"The family and the Church, concur on different planes, to support the human being to the end of his existence. And they do so, certainly, with the teachings they transmit, but also with their nature itself as community of love and life. In fact, if one can well say that the family is the 'domestic Church,' applied to the Church rightly is the title 'family of God.' Therefore, 'the family spirit' is a constitutional charter for the Church: Christianity must appear so and be so. It is written in clear letters: 'you are no longer strangers and sojourners, but you are fellow citizens with the saints and members of the household of God' (Ephesians 2:19). 'The Church is and must be the family of God.'[5]

"It is precisely because she is Mother and Teacher that the Church knows that, among Christians, some have a strong faith, formed by charity and reinforced by good catechesis and nourished by prayer and the sacramental life, while others have a weak faith, neglected, not formed, little educated or forgotten.

"It is good to state clearly that the quality of the faith is not an essential condition for marital consensus, which, according to the everlasting doctrine, can be undermined only at the natural level (Cf. CIC, can. 1055, paragraphs 1 and 2). In fact, the habitus fidei is infused at the moment of Baptism and continues to have a mysterious influence on the soul, even when the faith has not been developed and, psychologically, seems to be absent. It is not rare that the parties contracting marriage, driven to true marriage by the instinctus naturae, have, at the moment of the celebration, a limited awareness of the fullness of God’s plan, and only later, in family life, they discover all that God the Creator and Redeemer has established for them. The lack of formation in the faith and also the error about unity, indissolubility and the sacramental dignity of marriage vitiate the marital consensus only if they determine the will (Cf. CIC, can 1099). Precisely because of this, errors that regard the sacredness of marriage must be assessed very carefully. Therefore, with a renewed sense of responsibility, the Church continues to propose marriage in its essential elements – offspring, the good of the spouses, unity, indissolubility, sacredness[6] –, not as an ideal for a few, despite modern models centered on the ephemeral and the transitory, but as a reality that, with the grace of Christ, can be lived by all the baptized faithful. And therefore, there is greater reason for the pastoral urgency, which involves all the structures of the Church, drives to converge towards a common attempt ordered to appropriate preparation for marriage, in a sort of new catechumenate — I stress this: in a sort of new catechumenate — so desired by some Synodal Fathers.[7]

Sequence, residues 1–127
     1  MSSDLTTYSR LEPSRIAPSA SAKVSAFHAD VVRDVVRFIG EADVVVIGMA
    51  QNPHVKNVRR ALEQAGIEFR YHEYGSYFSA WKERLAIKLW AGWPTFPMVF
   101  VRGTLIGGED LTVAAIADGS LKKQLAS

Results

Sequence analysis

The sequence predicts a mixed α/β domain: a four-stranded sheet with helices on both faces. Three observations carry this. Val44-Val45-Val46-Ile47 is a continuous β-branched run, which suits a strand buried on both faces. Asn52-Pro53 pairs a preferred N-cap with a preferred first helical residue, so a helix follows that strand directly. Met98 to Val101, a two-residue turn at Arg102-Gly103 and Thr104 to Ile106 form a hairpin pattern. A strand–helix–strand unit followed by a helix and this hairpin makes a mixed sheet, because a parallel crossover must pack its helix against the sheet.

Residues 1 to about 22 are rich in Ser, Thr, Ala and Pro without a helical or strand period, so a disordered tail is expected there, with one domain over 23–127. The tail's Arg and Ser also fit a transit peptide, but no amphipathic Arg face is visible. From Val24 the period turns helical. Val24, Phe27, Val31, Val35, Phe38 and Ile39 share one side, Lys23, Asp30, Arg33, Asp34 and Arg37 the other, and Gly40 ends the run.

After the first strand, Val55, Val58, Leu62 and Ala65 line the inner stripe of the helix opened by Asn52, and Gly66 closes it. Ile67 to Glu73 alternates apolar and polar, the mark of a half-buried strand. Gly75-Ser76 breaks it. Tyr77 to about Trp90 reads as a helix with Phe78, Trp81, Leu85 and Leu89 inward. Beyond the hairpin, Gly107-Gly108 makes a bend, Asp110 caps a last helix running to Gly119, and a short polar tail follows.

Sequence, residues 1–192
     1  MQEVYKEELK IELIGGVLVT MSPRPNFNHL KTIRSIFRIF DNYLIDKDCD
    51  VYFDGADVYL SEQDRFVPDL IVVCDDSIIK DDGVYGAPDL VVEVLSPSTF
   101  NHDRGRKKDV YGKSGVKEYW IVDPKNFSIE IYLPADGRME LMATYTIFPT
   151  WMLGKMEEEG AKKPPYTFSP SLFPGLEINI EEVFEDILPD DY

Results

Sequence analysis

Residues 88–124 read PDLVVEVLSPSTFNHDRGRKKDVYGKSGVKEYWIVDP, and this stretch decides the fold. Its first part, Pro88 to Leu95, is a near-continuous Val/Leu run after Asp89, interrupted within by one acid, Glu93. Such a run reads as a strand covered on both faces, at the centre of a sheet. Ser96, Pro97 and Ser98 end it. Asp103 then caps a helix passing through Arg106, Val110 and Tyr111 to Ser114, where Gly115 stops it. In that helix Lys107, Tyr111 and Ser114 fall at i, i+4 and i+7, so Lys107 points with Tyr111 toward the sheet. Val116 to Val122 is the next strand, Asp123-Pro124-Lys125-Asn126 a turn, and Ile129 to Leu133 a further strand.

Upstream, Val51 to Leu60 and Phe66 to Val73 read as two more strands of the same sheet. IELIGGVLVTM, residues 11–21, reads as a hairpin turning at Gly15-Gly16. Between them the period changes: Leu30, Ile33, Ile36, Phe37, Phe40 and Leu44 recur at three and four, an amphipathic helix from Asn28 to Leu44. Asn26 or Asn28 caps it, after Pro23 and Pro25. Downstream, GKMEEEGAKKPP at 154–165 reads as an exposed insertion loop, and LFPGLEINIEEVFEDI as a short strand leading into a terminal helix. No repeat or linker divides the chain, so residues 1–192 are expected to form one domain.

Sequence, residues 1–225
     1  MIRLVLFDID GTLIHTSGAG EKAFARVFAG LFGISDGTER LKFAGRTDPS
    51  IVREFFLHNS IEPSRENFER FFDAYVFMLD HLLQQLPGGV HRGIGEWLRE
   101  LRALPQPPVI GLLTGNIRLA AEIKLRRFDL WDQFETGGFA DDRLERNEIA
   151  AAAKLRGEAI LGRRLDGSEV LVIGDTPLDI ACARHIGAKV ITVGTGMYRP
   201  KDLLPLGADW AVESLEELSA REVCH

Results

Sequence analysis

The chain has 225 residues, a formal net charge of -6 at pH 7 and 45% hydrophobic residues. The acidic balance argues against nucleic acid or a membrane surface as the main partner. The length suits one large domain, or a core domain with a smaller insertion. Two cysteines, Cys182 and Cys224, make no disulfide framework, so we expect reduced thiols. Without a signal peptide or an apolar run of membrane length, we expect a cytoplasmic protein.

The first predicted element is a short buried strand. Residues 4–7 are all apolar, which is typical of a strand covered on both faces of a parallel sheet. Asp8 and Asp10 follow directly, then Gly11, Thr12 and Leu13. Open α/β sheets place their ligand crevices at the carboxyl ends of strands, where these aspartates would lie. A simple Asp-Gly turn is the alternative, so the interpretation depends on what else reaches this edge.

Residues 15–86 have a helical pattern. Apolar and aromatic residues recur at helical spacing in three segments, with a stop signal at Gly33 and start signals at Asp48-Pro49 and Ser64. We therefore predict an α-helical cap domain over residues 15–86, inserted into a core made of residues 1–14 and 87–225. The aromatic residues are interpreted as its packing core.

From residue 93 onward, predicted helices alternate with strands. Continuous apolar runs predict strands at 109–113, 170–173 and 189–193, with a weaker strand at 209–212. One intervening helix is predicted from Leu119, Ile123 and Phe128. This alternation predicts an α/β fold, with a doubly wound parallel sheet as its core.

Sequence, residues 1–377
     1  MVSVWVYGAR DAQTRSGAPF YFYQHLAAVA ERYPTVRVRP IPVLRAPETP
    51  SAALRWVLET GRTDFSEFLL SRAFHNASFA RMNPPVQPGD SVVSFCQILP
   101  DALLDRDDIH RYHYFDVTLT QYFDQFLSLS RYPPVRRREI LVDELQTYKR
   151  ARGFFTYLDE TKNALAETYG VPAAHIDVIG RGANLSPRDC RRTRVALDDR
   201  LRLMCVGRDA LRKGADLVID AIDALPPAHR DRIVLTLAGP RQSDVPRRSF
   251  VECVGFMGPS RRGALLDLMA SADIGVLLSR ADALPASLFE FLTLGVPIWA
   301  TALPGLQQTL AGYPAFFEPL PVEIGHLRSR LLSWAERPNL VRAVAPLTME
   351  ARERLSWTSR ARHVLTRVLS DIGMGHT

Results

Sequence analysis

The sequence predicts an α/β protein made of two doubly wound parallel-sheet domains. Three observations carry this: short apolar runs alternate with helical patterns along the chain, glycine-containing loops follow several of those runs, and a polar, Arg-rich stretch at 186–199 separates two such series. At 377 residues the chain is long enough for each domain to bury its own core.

"Dear Brothers, the time we are living is very demanding, be it for the families, be it for us Pastors who are called to support them. With this awareness, I wish you good work for the New Year that the Lord gives us. I assure you of my prayer and I also count on yours. May Our Lady and Saint Joseph obtain for the Church to grow in the spirit of the family and to families to feel increasingly a living and active part of the People of God. Thank you."

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About Me

I am an enormously blessed husband and dad. In regard to my Catholic theological background, I have a certificate in social ministry & a master's degree (moral theology concentration), as well as a catechetical diploma from the Vatican's Sacred Congregation for the Clergy (Nope, I am not now - nor have I have ever been - a seminarian, deacon, or priest.). I feel particularly proud to have a mandatum. I also have a doctorate in Christian counseling psychology.

And yup, that's me!

And yup, that's me!
(from page 1 of the NY Sun, 3/22/04)

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12/12/08 Interview with Rev. Tad Pacholczyk, Ph.D. of the National Catholic Bioethics Center

March for Life 2010